“Empowering the abused woman to recover with God's truth"
Warning Signs of Spiritual Abuse, Part One
By Mike Fehlauer
Pastor, Author, Director of Foundation Ministries
CBN.com -- Crosswalk.com -- The idea of spiritual abuse is not a new phenomenon. In the Old Testament, God spoke against those who operated in their own authority while abusing the very people they were to bless. In Jeremiah 5:30-31 we read, "An astonishing and horrible thing has been committed in the land: the prophets prophesy falsely, and the priests rule by their own power; and My people love to have it so. But what will you do in the end?"
In these verses God is bringing an indictment against the religious leaders of the Old Testament. We see the Lord's anger expressed against those who operate in their own authority. Consumed with their own ambition, these leaders have convinced the people that their power is divine. Yet in reality, these false prophets are merely wielding their self-imposed influence for personal gain, claiming they speak for God.
In Jeremiah 6:13-14 we read again of self-absorbed prophets and priests who are so preoccupied with their own needs being met that the needs of the people are being ignored. We read: "From the least of them even to the greatest of them, everyone is greedy for gain, and from the prophet even to the priest everyone deals falsely. And they have healed the brokenness of My people superficially, saying, 'Peace, peace,' but there is no peace" (NAS).
A common characteristic of an abusive religious system is that the real needs of the people are lost in the never-ending quest by the leaders for personal fulfillment and happiness.
The tragic story of Diane, a young woman in her late teens who had recently given her life to Christ, illustrates this point. Diane went on a missions trip with a group from the church she had been attending. One day the missions team was enjoying some recreation time when Diane suffered a tragic accident that caused her leg to be so severely injured that it was necessary to amputate it.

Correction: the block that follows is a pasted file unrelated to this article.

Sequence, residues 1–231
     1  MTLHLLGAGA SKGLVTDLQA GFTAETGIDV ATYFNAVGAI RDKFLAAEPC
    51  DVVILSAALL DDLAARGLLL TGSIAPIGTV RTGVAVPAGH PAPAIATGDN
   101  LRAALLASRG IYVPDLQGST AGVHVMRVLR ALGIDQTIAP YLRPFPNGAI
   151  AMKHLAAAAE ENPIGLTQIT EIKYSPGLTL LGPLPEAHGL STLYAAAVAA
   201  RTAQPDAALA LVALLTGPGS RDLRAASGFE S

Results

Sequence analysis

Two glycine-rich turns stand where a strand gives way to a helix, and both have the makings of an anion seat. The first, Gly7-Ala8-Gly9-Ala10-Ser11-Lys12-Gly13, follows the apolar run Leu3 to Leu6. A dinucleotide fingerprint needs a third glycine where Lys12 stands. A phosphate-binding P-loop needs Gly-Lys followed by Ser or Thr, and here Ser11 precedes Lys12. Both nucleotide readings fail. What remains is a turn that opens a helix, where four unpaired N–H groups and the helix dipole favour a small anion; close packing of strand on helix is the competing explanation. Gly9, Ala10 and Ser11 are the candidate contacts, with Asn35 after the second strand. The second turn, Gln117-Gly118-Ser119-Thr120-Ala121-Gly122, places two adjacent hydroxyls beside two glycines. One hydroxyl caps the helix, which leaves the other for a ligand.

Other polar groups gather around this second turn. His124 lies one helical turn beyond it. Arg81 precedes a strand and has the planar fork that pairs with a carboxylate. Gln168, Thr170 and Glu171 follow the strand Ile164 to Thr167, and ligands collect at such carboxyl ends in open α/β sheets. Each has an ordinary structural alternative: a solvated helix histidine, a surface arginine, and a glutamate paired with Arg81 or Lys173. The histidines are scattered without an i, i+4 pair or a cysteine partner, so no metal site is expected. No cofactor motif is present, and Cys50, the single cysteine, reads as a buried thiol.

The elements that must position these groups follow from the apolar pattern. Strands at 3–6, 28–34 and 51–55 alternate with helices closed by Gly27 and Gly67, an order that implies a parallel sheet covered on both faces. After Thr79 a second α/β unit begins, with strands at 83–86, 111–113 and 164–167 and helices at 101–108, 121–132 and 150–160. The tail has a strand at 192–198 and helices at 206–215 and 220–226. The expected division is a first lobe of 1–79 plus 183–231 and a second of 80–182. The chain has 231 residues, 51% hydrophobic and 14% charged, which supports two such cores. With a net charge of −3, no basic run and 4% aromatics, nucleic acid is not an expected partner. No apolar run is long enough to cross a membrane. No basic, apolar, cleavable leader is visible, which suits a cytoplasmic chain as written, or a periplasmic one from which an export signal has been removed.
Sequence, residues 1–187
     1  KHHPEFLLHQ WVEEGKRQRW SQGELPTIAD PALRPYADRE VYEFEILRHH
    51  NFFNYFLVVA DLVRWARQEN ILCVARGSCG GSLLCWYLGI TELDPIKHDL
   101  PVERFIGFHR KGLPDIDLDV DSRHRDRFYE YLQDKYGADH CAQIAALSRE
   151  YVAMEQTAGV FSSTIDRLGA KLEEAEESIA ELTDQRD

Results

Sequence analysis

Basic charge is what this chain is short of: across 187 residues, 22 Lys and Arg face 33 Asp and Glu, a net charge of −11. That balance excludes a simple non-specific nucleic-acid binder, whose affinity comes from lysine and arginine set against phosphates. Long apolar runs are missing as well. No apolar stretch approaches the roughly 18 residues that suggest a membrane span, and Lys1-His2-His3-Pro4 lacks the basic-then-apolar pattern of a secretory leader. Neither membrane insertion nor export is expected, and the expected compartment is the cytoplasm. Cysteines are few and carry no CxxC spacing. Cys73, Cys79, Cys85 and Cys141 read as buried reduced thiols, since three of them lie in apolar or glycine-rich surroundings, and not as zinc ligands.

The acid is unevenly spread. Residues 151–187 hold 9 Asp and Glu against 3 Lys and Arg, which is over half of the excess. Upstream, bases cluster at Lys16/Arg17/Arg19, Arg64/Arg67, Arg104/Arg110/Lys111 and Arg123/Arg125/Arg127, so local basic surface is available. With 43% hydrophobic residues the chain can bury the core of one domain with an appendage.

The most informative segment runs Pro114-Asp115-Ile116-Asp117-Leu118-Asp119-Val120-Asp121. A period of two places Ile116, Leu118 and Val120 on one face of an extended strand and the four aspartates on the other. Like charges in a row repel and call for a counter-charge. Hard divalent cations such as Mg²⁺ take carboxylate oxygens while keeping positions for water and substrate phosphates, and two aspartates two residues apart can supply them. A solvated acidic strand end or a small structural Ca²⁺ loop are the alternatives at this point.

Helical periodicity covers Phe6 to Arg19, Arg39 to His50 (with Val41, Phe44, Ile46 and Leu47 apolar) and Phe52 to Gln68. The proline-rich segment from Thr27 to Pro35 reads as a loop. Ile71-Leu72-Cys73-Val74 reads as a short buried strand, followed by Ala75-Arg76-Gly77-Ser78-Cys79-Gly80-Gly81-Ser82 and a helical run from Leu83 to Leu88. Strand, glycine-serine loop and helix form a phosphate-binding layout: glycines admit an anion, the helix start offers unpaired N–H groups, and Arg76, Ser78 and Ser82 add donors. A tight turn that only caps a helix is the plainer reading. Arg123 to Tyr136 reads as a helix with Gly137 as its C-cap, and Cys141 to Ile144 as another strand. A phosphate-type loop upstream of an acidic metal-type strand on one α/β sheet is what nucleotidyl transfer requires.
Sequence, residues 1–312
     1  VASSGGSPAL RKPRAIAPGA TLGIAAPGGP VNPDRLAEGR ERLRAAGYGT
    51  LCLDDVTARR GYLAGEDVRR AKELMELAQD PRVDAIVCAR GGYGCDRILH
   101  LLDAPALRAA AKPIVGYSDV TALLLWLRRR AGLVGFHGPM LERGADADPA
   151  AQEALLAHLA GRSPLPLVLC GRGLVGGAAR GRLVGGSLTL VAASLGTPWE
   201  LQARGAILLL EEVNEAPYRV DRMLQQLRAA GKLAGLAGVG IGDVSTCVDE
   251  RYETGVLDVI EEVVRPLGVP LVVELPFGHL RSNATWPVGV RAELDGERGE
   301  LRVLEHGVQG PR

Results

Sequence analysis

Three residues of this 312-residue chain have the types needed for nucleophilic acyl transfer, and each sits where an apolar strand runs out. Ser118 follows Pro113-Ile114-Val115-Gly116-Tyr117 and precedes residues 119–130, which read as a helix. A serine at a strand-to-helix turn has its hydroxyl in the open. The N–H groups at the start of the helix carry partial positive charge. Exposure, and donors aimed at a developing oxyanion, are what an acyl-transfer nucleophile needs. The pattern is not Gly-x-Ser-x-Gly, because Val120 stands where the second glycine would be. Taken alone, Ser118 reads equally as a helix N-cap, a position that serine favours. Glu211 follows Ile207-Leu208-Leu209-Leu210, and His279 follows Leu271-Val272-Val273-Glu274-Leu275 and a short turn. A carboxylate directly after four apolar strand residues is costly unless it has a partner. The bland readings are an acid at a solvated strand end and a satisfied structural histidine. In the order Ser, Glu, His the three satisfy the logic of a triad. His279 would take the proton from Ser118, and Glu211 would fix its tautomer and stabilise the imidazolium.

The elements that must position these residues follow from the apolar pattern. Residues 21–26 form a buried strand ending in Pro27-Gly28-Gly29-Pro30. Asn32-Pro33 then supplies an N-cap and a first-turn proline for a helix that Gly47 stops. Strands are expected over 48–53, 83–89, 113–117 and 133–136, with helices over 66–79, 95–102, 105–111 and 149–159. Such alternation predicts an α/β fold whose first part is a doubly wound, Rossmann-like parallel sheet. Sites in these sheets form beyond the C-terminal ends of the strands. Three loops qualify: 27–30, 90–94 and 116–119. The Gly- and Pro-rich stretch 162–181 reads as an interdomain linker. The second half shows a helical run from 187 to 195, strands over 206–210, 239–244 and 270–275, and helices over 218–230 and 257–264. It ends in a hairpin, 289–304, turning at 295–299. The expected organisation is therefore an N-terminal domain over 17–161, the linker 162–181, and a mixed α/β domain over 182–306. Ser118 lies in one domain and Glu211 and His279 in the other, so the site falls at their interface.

Diane's parents were not Christians, and in the past they had somewhat resented the amount of time Diane had been spending at the church. When the accident occurred, their response was to blame the church for Diane's injury. They also felt the church should do something financially to help Diane.
During the time Diane was recovering in the hospital, her mother happened to hear the senior pastor of Diane's church describing the new, sporty car he intended to purchase. She began to tell people in the community about this preacher who is living high on the church's money. Word got back to the pastor, and needless to say, he was not happy.
After several weeks in the hospital, Diane was transferred to a rehab facility. While she was in rehab the pastor came to see Diane. Diane was still wheelchair bound because she had not yet been fitted with a prosthesis. After the initial greetings and some brief small talk, the pastor bought up to Diane what her mom was saying around town. The pastor advised Diane that her 'assignment' was to talk to her mother and get her to stop gossiping about the pastor. Although Diane was still trying to process the idea of facing the rest
of her life without a leg, by the time the pastor left, it was clear to her that her pastor had nothing to say to her to help her face the horrible physical and emotional issues brought on by her accident.